Semester 2 2018

The graduate level unit "General circulation of the atmosphere" will be running between weeks 2-9 of semester 2 2018. The unit will be taught by Martin Singh.

Lectures will run from the 30th of July 2018 to the 19th of September 2018. There will be two 1.5-hour lectures per week at the following times:

- Tuesday 1:30pm - 3:00pm
- Wednesday 1:30pm - 3:00pm

Weeks 2-8 (7 Aug - 18 Sep)

- Tuesday 1:30pm-3:00pm: Rm 325 (3rd Floor), 13 Rainforest Walk (Green Chemical Futures), Clayton Campus, Monash University.
- Wedensday 1:30pm-3:00pm: CoE room

To join via zoom use this link: https://monash.zoom.us/my/gencirc.

This unit introduces students to the large-scale circulation in Earth’s atmosphere and the processes by which this circulation is maintained. The unit will begin with a discussion of the mathematical techniques used to estimate the atmospheric state and analyse the behaviour of atmospheric circulations. This will include an introduction to state estimation and data assimilation as well as a discussion of Reynold’s decomposition and its application to the analysis of atmospheric motions.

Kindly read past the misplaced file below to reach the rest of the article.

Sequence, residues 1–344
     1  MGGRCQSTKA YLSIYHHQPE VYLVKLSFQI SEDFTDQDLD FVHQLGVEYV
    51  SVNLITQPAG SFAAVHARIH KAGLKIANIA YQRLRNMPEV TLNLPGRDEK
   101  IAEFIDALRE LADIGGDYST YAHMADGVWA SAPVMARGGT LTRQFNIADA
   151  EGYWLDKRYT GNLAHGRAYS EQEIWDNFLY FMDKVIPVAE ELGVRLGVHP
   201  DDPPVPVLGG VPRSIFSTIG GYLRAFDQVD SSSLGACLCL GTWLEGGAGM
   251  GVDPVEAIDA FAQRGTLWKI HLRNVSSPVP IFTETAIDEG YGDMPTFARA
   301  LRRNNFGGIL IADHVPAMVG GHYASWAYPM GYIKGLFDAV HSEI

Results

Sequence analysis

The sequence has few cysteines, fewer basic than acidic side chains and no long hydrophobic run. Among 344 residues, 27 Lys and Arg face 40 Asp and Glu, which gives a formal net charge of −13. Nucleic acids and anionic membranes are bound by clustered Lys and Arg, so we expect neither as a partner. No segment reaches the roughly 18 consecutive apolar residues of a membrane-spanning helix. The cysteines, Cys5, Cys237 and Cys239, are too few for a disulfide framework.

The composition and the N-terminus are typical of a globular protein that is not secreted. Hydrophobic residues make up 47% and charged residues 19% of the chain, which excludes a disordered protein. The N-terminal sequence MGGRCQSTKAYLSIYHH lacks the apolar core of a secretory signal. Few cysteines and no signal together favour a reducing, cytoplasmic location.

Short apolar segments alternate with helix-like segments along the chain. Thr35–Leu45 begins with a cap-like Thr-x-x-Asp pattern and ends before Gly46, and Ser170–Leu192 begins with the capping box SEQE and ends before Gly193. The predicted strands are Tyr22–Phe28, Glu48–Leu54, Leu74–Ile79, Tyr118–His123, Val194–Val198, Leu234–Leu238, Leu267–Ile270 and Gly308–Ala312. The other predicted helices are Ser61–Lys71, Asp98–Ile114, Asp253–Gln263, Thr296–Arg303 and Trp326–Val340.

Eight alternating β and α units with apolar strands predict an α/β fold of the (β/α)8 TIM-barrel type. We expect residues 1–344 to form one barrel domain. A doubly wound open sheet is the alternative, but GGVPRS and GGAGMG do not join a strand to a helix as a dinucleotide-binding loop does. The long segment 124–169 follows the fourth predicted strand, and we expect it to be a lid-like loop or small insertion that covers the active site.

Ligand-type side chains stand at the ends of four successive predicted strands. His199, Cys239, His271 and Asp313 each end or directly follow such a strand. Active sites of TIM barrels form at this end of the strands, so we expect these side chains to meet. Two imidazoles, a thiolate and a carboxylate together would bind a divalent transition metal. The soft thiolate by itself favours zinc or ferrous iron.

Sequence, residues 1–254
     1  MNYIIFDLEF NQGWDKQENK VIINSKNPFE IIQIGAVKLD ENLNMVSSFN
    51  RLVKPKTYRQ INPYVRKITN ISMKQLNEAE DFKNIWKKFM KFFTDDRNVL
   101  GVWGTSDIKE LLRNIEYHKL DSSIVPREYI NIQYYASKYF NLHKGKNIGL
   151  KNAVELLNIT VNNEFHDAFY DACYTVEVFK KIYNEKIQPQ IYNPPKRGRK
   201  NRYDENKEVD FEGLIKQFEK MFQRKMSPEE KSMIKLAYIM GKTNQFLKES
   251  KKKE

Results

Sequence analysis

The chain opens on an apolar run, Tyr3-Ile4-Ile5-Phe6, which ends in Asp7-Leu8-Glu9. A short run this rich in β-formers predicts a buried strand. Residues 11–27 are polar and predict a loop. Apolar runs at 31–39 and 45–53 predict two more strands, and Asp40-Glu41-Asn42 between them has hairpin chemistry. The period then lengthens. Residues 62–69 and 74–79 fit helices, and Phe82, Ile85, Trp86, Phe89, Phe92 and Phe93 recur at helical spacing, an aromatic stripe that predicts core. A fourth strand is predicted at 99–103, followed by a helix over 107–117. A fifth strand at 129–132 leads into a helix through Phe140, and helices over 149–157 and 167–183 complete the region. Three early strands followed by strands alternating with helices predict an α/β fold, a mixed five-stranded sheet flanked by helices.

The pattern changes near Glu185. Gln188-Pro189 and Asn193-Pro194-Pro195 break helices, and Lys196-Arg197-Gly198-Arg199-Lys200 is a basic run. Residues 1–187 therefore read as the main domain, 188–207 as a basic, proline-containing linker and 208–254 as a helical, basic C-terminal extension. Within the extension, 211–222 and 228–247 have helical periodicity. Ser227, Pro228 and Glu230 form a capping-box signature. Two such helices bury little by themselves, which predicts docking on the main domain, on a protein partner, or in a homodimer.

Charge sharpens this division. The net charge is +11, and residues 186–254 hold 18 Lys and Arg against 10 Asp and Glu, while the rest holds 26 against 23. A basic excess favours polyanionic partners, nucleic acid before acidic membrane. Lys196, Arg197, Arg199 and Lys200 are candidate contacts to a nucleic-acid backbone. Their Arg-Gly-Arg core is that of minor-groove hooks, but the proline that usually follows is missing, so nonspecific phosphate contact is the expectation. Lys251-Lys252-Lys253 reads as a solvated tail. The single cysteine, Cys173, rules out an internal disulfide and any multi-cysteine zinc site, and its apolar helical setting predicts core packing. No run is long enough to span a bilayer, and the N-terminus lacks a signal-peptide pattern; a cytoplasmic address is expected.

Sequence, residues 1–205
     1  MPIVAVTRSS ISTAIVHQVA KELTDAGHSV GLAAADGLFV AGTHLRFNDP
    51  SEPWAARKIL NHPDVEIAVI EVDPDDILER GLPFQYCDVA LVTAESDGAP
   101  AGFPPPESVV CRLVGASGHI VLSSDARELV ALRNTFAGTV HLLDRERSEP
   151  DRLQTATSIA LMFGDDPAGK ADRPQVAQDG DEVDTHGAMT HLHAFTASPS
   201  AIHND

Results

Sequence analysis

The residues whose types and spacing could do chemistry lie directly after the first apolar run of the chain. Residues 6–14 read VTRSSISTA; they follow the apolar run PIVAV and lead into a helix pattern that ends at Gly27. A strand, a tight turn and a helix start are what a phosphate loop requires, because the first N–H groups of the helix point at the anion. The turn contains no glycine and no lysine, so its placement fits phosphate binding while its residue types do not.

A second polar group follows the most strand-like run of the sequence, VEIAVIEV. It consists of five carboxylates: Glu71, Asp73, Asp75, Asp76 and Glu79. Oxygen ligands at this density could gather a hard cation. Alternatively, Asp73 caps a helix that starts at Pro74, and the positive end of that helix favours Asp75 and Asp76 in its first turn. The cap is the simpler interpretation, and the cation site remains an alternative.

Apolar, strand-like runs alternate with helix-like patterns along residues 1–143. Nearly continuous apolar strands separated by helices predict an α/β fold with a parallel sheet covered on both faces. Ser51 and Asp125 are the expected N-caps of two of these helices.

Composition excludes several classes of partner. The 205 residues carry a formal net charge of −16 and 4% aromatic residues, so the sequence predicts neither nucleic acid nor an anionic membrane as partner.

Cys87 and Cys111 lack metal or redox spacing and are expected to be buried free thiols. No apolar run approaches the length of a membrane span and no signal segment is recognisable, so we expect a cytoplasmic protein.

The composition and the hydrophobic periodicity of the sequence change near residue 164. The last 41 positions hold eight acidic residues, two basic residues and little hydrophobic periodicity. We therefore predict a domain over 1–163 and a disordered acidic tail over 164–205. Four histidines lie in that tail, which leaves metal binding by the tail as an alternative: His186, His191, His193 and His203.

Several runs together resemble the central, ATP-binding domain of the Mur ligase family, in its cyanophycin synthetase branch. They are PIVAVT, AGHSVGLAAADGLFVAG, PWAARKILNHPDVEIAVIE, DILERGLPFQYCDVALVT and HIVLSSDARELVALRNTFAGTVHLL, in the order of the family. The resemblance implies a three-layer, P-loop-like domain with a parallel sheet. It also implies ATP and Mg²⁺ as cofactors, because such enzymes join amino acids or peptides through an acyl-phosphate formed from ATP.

Next, the unit will introduce the basic theory underpinning the tropical general circulation, including the Hadley circulation and monsoons. Theoretical concepts will be demonstrated using real-world data from the atmosphere and in qualitative experiments using a rotating tank apparatus. The unit will also consider the midlatitude circulation and the maintenance of the global angular momentum budget. Concepts of eddy-mean flow interaction and the transformed Eulerian mean will be used to explain the formation of jets at midlatitudes, and the existence of the thermally indirect Ferrel cell. Finally, the course will consider the water budget of the atmosphere and theories of how it may vary in the future. This will serve as an entry point for students to engage with the scientific literature regarding changes in the atmospheric general circulation with climate change.On completion of this unit students will be able to:

- Understand the various analysis techniques used to estimate the atmospheric thermodynamic state and large-scale circulation and evaluate their strengths and weaknesses.
- Identify the main features of the atmospheric circulation and the processes that contribute to their maintenance.
- Apply mathematical tools to analyse the transports of energy, momentum and water through the atmosphere.
- Critically engage with the scientific literature regarding the large-scale atmospheric circulation and its possible changes under climate change.